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Former CBRE Lead Ernie Jarvis Is Back In The Brokerage Game

Ernie Jarvis has been all over the DC commercial real estate scene, as a leader and broker for the largest firm in the world and as a senior officer for one of the region’s most prominent REITs. Starting next week, he’s striking out on his own and launching a new brokerage firm, Jarvis Commercial Real Estate.


Ernie was once the market leader for both CBRE and First Potomac Realty Trust. He owns equity in CityCenter DC, Capitol Crossing and Progression Place in Shaw (the one with the all-glass UNCF office right at the north Metro entrance).

And despite being in the hospital due to a spike in his 13-year-old son’s fever the night before he sat down with Bisnow, Ernie was as effervescent as ever in describing his new venture, which he calls a hyper-local brokerage. (Don't worry, his son is fine now.)

“I live this region,” he says. “I breathe it. We’re not going to be quiet, we’re going to punch above our weight.”

Ernie’s a past president of the DC Building Association, an executive committee member on the Board of Trade and a fifth-generation Washingtonian. His mother, Charlene, was a five-term DC Councilwoman. His grandfather was a star athlete at Dunbar HS and has a handful of DC buildings named after him. His family owned a funeral parlor on U Street from the '20s to the '80s, surviving the riots after Martin Luther King Jr.’s assassination.

“We are part of the fabric of this city and community,” he says. 

That’s institutional knowledge no other company has, and that’s what will draw clients, he says. With a hyper-focus on DC—and no strings attached—Ernie thinks an independent brokerage will draw some top talent, too.

Ernie says he’s targeting young, ambitious brokers who want to permeate the market, just like he has.


CBRE SVP Manny Fitzgerald says Ernie is one of the most well-connected guys he knows. That's Manny on the right, next to Ernie, who's flanked by The Ezra Co's Glenn Meltzer. “One of Ernie’s primary strengths is his connections in this city,” Manny says.

He’s already leveraged that strength to sign two undisclosed clients. Ernie says he wants a five-person team of tenant reps, a three-person agency team and a two-person sales team, including multifamily sales. This will all be happening in what’s expected to be an upswing for the office leasing cycle. The federal government is spending again, offices are hiring and more and more new product is coming online.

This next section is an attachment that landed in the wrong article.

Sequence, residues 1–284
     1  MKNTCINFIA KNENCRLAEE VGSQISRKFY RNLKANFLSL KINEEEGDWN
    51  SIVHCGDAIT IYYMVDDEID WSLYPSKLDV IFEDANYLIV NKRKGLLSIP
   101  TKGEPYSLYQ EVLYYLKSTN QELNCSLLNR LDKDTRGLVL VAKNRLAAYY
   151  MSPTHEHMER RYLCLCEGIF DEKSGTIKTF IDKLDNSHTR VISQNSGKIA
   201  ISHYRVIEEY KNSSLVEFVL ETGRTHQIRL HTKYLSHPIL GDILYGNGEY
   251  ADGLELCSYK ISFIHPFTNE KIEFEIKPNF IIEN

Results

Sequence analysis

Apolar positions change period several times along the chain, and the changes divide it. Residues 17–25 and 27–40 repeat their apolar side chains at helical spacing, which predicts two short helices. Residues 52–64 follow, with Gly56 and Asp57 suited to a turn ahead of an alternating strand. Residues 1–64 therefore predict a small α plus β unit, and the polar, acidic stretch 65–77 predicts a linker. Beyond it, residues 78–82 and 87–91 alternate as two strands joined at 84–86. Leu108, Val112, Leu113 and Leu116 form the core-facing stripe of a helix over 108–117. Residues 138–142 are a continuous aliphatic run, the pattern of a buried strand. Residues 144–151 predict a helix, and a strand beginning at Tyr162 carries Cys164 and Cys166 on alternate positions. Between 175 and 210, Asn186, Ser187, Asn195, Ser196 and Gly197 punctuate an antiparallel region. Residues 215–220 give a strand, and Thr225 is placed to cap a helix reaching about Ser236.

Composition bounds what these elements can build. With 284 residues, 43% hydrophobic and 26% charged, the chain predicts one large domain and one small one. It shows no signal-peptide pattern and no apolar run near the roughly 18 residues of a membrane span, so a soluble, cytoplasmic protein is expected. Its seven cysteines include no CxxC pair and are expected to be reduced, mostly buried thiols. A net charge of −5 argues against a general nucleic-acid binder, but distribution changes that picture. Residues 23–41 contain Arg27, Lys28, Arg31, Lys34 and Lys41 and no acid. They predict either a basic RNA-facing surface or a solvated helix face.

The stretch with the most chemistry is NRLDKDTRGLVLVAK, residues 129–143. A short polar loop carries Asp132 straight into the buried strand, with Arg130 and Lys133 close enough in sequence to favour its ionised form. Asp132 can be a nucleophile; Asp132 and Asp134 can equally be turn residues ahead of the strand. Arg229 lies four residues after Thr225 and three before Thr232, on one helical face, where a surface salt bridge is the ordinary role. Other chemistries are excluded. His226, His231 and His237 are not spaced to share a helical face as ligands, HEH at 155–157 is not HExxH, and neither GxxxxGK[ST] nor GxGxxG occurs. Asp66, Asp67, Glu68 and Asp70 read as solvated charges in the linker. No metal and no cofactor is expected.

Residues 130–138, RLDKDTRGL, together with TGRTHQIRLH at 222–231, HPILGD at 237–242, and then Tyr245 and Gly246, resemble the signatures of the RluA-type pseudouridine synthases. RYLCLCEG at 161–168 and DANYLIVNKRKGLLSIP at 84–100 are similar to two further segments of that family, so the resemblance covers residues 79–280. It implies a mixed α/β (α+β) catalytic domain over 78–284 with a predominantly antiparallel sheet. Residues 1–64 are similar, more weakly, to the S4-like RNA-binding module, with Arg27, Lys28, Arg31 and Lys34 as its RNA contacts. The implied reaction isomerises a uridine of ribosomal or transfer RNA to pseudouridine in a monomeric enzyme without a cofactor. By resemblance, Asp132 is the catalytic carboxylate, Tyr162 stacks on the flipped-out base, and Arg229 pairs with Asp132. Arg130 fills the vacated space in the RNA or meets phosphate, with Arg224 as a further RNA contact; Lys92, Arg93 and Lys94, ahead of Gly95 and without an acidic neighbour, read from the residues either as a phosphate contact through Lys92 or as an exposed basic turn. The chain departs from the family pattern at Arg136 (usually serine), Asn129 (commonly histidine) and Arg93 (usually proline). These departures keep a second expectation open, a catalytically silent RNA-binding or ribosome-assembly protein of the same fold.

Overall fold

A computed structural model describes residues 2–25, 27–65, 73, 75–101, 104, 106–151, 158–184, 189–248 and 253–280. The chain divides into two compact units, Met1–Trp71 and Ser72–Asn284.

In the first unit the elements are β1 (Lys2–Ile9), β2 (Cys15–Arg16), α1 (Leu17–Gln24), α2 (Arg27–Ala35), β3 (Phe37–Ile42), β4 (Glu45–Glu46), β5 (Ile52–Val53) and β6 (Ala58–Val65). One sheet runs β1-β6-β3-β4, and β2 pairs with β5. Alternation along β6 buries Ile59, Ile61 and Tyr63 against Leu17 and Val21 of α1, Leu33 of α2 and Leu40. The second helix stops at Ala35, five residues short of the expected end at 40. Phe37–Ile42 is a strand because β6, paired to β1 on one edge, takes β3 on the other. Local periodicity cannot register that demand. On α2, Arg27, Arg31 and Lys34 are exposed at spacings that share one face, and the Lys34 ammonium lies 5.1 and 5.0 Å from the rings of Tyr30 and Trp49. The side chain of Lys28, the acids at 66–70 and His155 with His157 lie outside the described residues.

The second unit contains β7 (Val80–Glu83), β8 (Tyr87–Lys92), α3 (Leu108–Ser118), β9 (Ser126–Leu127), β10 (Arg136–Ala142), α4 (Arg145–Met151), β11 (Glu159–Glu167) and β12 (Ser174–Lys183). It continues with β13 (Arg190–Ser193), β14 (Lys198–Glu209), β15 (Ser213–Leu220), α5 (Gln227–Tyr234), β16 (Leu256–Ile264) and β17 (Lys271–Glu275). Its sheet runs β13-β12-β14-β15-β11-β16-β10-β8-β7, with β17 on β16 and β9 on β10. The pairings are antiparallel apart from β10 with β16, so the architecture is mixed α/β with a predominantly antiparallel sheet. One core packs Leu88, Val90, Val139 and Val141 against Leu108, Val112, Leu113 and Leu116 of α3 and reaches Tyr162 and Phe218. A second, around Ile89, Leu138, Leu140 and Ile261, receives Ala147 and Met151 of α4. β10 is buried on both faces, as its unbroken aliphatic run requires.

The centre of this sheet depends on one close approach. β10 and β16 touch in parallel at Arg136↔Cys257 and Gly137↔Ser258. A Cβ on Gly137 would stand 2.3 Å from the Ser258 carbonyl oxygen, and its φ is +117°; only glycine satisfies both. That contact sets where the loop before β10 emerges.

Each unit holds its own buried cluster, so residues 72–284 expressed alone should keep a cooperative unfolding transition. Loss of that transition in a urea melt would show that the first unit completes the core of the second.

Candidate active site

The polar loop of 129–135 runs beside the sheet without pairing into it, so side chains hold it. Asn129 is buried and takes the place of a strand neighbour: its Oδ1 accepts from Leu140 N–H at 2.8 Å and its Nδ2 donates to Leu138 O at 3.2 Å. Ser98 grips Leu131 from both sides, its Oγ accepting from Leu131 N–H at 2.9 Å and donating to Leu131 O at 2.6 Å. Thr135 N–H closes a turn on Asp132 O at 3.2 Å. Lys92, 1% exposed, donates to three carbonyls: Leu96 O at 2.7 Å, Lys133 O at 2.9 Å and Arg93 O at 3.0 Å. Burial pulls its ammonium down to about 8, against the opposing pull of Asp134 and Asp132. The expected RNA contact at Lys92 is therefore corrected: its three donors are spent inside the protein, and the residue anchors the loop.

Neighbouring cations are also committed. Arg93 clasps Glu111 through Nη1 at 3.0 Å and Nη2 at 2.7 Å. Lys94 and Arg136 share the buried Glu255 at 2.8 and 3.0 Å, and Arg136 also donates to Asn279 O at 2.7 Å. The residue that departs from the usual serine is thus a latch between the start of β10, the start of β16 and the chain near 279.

Ernie says he’s been thinking about making this move for more than a year, dating back to when he was at First Potomac. After six months on the development side, did he sense the time was right to take a bite out of the market? Ernie nods.

“Brokers are busy,” he says. “They’re seeing more tours, more activity. Top agency teams are busy. That means tenant reps are busy.”

Ernie starts to talk about the market and he leans in, getting excited. This from a man who was up all night with a sick teenager.

Look around,” he says. “This is not my mother’s Washington. There’s no need for a K Street address. But can the big companies make that pivot and really understand emerging markets, demographic shifts and trends here?”


He mentions Uline Arena, which just signed Spaces to trophy office space on the other side of the train tracks in NoMa. He sees Skanska, which is building spec in Foggy Bottom (they pre-leased 115k SF to Cleary Gottlieb last month) and the Riverfront and says those guys are feeling it.

Also feeling it: Ernie, Cushman & Wakefield power broker Sherry Cushman and her husband, Don Schaff, on Ernie's 35-foot Fountain, motoring up the Chesapeake Bay.

Ernie is hungry and passionate, and he wants hungry, passionate employees. He says he doesn’t want to buy talent, and can’t afford to compete for it with JLL, CBRE or C&W, although he's bolstered by an investor group that includes local developers like Greg Fazakerley

Instead, he wants people who want to build something as a team. He recalled stories of commission disputes he had to settle at CBRE. He says big firms have to constantly think about increasing value to appease shareholders, and it’s impossible for a young up-and-comer to get noticed. Nor do senior brokers want to be among 100 brokers at the large companies. Ernie envisions no internal politics.

“Guess what? The CEO is sitting right next to you here,” he says. “The people who work for me want to make waves, and that’s what we’ll do.”